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MATERIALS IN FUTURE INDUSTRIES Microfluidic devices can move fluids through a maze of microscopic channels and chambers that have been fabricated with the same lithographic techniques used today for microelectronics production. They can be used, for instance, to separate cells, and they can have input channels as small as 10 micrometers. Although microfluidic devices are cost competitive with conventional cell sorters, materials challens,P.~ still limit the speed and capacity of the microfluidic approach. ~ ~ a.=, ~ v ... ...,.. ~ Ace_ The assembly of hybrid organic and inorganic materials exploits the ability of a small amount of organic material to organize the inorganic component of a hybrid material. An exciting example of an application for this type of structure is the use of peptides to distinguish gallium arsenide from silicon and silicate. 1 MATERIALS FOR OPTICAL COMMUNICATIONS Materials advances have enabled some of the great leaps in electronic switching and communication over the past 30 years, as shown in Figure 3-2. In order to continue this daunting trend, today's devices are moving steadily toward materials that use optical characteristics to increase their functionality. . Optical materials that are already being implemented in communication systems Include erbium-doped fibers that permit optical signals to be amplified without the use of electronics. Implementation of this technology can lead to increases in capacity by a factor of close to 1,000 when combined with wavelength-dispersive multiplexing, which uses up to 80 or so multiple wavelengths, with each wavelength carrying a separate communications channel. The resultant increase in power can mean that signal boosters are needed only every 50 miles, allowing telephone calls and e-mails to be transmitted optically across oceans or continents without going through an electronic system. These and other innovative fiber materials are being used today. However, over long distances, intrinsic fiber material nonlinearities fundamentally limit the system performance. New materials and approaches to overcome these limitations and provide linearity include photonic band gap materials and "holey" fibers. Fabrication of holey fibers fibers designed with tiny holes along their length is difficult. but the nav~ff of being able to engineer the fiber properties is considerable. New systems are increasingly needed for routing the communications along these high-capacity networks. These systems now resemble highways with complex interchanges where signals are split and rerouted toward their final destination. One enabling technology is MEMS, which can make such high-capacity switches with very low losses and switching densities unmatched by electronic switches. The arrays of mirrors can easily be scaled up, and switch times of milliseconds, while slow, are sufficient. Optical signal devices hold great promise for replacing electronic switching devices. Optical-controlled switching will require a nonlinear gate materin1 ~ mntP.rinl~ . 1 1 , 1 , ~ ~ : _ _ A ~ _ ~ ~ ^~* ~~ ~ A$~~ B ~~ ~ecnnology Inal remains Immature. because optical-optical nonlinear interactions are weak, such devices use proportionally more power. Advances in gate materials will be needed to increase their efficiency. 15

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MATERIALS AND SOCIETY ODO ~ 1 0~3 I CD ~~ ~0 _ ~ .. v -~e ,.,... it, ~ . ~ ~ - .... ~ .. ~ .... , ~ O.001 ~-'~'"' -' -~-:~ :~ ~~ 'I':: ~~.~'- ' ~.~.'.~ ~ ~ .' ' '.' ~: ~ -.~ ~ ~ ~'~ '.'. ~ 970 ~ 975 t 980 1985 ~ 990 ~ 995 2~)0Q 20~)5 FIGURE 3-2 Technology roadmap for lightwave electronics, showing the data rate capabilities enabled over the past 30 years. The materials used for electronics have ranged from silicon to gallium arsenide to indium phosphide. The devices these materials are used in are also many: They include bipolar transistors, metal oxide semiconductor field-effect transistors (MOSFETs), metal electron semiconductor field-effect transistors (MESFETs), heterojunction bipolar transistors (HBTs), and high-electron-mobility transistors (HEMTs). The transmission characteristics these materials have enabled in optical carriers (OCs) have improved from less than 500 million bits per second (Mbps) to over 40 billion bits per second (Gbps). SOURCE: Cherry Murray, Lucent Technologies. COMPUTATIONAL MATERIALS SCIENCE Computational approaches have ma(le tremendous progress at all length scales relevant to materials. These inclucle the macroscale (human dimensions), the microscale (atomic climensions), and the mesoscale, which bridges the two regimes. At the macroscale, researchers have long used such traditional methods as finite element analysis to predict mechanical and other properties of materials. These methods are now being coupled with image processing approaches to impart aclclitional physical cletail to the mociels. At the smallest scales, quantum mechanical ah initio (or electronic structure) calculations have predicted optical spectra in nanoscopic quantum clots. These models also predict the great mechanical strength of carbon nanotubes. Despite the excitement surrounding new materials, the simulation capabilities of these relatively new methods are currently limited to small calculations, typically for less than a thousand atoms. Improver! algorithms and computer speeds will be needled to mode! larger systems. Bridging the considerable gap between quantum mechanical simulations of small collections of atoms ant! macroscale calculations of materials properties are the molecular and mesoscale simulation methods. These may include tens of thousands to a billion atoms simulatecl using particle-basecl or field-based methocls. Such methods can provide insight into materials phenomena on the scale of several nanometers to several hundreds 16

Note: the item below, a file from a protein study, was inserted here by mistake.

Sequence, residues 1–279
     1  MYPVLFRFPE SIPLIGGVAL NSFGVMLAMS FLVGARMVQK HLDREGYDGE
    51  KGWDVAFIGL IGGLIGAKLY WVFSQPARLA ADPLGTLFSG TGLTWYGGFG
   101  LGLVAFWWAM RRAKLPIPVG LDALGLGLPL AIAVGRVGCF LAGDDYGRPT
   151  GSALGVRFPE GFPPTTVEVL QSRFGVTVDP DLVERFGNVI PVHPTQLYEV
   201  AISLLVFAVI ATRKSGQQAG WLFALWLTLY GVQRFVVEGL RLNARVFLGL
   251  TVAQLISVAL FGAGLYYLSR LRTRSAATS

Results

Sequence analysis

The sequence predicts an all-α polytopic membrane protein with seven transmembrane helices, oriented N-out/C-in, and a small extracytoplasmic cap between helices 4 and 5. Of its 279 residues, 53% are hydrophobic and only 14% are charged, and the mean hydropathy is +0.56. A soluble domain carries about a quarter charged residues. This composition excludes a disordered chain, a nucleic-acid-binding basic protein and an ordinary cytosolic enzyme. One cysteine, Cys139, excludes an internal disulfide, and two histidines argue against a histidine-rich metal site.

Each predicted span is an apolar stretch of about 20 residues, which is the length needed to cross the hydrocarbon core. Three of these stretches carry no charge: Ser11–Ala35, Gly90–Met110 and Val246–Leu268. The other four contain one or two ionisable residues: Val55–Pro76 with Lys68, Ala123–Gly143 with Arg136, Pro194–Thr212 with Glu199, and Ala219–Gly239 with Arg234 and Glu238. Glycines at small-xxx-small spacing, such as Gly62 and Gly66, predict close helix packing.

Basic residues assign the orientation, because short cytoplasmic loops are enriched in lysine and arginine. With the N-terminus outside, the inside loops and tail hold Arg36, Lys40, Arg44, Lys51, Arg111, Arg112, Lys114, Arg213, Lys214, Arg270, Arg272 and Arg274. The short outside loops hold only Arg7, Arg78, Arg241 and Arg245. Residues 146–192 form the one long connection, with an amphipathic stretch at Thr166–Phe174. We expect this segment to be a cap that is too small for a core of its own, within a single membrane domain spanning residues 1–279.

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MATERIALS IN FUTURE INDUSTRIES of microns, and on time scales from picoseconds to seconds or even hours, depending on the material or process modeled. Dendritic growth during solidification and polymer phase separation, for example, is often modeled with these methods. A goal for computational materials science is to play the same role in materials as molecular modeling does in the pharmaceutical industry. Challenges to reaching this goal include developing approaches to seamlessly integrate multiscale simulation methods and techniques to handle large quantities of data, training researchers, and sustaining the multidisciplinary infrastructure needed to attack and solve the problems. In general, the development of reliable mesoscale theory and methods will aid the better understanding and development of complex materials such as self-assembled nanotubes and quantum dots, bioinspired and biological materials, and nanoengineered materials designed molecule by molecule. Over the next decade, the use of computational methods to design, discover, and optimize nanomaterials, biomaterials, and optical materials will become increasingly prevalent. One workshop participant cited the view that the United States economy was built on materials: steel, aluminum, glass, cast iron, and plastics. Although these industries are still responsible for much of our growth, the new materials that are the subject of this report will play an increasingly important role. Comments from the Speakers "Computational approaches to simulate materials and anticipate behavior enable a modern approach to materials design, discovery, and optimization." Sharon Glotzer, University of Michigan "The enormous advances in optical communication systems over the past 5 years are largely due to materials advances on many fronts." Rod Alferness, Lucent Technologies "Nanomaterials are an exciting but very disparate class of materials which come in an ever increasing array of forms with a wide variety of applications." Julia Weertman, Northwestern University "Biomaterials encompass the traditional bioengineering of medical implants to newer areas of drug delivery, tissue engineering, materials for array technologies, microfluidics, and hybrid materials." David Tirrell, California Institute of Technology 17